All Australian businesses are required to conduct comprehensive fire risk assessments regularly to identify, assess and mitigate workplace fire risk exposures. Keeping business work areas, employees and interactions with the public safe and ensuring your premises are compliant with fire safety regulations is critical in facing the risk of fire incidents.

The responsibility for a business's fire safety lies with building owners and facility managers. Systems and equipment such as fire extinguishers, sprinklers and emergency warning systems need to be maintained in accordance with Australian Standard AS1851, Routine Service of Fire Protection Systems1, the regulatory safety standards that building owners are expected to meet.

Conducting regular fire risk assessments should form an integral component of a business's risk management framework. Doing this helps to identify and avoid loss events in the workplace and the potential of endangering employee health and safety and disrupting normal business operations.

What are the main consequences of workplace fire events for businesses?

Commercial business operators should have prioritised workplace and people safety processes in place and be aware of the key and common consequences of business fire events, including:

  1. Injuries and fatalities
    Workplace fires may cause significant injuries and fatalities to employees and customers, with burns and smoke inhalation being two of the more common injuries. Victims may require extensive medical treatment for long-term health impacts.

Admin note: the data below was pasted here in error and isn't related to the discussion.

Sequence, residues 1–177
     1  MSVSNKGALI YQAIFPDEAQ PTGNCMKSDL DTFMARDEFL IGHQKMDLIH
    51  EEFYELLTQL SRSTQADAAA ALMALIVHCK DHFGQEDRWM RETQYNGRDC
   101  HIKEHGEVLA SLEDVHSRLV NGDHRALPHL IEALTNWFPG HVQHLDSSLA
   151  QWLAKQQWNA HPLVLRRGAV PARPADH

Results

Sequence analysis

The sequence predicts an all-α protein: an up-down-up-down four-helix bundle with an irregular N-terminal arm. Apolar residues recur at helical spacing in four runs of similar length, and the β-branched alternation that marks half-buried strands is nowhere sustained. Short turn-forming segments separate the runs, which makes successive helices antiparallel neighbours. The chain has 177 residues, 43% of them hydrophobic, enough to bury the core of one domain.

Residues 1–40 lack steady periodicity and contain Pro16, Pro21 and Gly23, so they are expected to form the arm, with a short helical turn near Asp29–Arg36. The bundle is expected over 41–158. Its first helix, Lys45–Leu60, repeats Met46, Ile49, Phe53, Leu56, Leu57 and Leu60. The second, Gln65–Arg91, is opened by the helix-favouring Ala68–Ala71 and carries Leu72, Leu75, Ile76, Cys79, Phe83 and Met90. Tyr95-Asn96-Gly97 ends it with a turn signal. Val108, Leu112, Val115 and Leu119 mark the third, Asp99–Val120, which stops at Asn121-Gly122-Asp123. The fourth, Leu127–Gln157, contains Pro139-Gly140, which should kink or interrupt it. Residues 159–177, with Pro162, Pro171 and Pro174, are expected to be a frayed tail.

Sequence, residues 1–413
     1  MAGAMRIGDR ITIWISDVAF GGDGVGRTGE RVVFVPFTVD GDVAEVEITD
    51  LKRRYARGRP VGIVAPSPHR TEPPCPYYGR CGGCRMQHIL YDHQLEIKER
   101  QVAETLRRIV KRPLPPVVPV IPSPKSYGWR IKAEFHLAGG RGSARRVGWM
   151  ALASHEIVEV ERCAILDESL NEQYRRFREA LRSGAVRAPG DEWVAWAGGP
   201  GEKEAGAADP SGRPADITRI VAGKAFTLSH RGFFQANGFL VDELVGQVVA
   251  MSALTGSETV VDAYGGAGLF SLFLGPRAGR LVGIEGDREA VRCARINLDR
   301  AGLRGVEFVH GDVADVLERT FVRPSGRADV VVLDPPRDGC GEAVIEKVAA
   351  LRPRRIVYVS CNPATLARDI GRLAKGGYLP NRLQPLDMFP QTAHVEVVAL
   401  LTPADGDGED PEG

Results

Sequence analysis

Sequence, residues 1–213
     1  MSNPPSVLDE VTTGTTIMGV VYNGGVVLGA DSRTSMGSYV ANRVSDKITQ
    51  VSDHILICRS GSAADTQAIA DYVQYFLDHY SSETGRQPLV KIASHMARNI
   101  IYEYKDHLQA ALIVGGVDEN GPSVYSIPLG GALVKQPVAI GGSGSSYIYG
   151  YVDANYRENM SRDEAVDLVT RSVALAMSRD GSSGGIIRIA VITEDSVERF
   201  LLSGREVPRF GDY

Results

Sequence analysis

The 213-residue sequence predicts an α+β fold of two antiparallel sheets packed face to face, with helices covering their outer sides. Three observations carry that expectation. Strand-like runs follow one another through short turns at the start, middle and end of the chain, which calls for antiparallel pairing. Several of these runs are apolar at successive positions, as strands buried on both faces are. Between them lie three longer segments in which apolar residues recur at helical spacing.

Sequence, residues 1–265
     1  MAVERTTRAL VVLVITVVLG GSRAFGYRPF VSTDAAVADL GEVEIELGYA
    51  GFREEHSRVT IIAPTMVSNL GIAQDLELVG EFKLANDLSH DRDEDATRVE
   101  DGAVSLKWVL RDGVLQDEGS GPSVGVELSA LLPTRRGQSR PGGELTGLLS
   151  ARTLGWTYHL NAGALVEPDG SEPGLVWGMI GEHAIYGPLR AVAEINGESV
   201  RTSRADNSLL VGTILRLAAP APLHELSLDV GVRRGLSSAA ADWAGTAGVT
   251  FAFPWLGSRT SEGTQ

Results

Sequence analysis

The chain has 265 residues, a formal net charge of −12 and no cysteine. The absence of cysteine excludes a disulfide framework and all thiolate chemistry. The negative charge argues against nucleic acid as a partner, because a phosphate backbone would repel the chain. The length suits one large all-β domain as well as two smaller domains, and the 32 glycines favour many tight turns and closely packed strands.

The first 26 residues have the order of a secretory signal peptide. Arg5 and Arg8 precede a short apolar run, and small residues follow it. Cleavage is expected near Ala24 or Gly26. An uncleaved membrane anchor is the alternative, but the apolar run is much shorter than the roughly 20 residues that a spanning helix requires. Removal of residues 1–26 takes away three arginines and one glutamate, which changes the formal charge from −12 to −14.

2. False alarm prevention
    To avoid emergency service providers being called to false alarms when a smoke or fire detection device is incorrectly activated, it's important to ensure all fire apparatus is operating correctly. Fire extinguishers, smoke alarms, and sprinkler systems should be regularly checked as part of your fire risk assessment process.
  3. Property damage
    Fires can cause significant damage to property, including buildings, vehicles, and personal belongings. Damage can be particularly severe in the workplace due to loss of valuable equipment, inventory, and essential documents.
  4. Business interruption and lost productivity
    Forced closure of businesses while awaiting repair may result in loss of business hours, revenue, and potentially customers. Aside from the physical damage, psychological distress may lead to employee absence and compensation. Filing insurance claims and completing paperwork can involve further disruption. Extended times of downtime business interruption is common and has been lengthened in recent years with repair and recovery times much longer than people typically foresee.
  5. Public and employers' liability
    Business and/or premises owners may be liable for accidents and faulty (or inadequate) fire safety equipment that relates to workplace fire events. Legal action and high-value claims settlements can be costly, stressful and time consuming, and are generally avoidable.
  6. Increased insurance premiums
    A single fire incident can directly trigger a considerable hike in insurance premiums at subsequent renewal/s. These higher premiums can significantly impact the business's bottom line.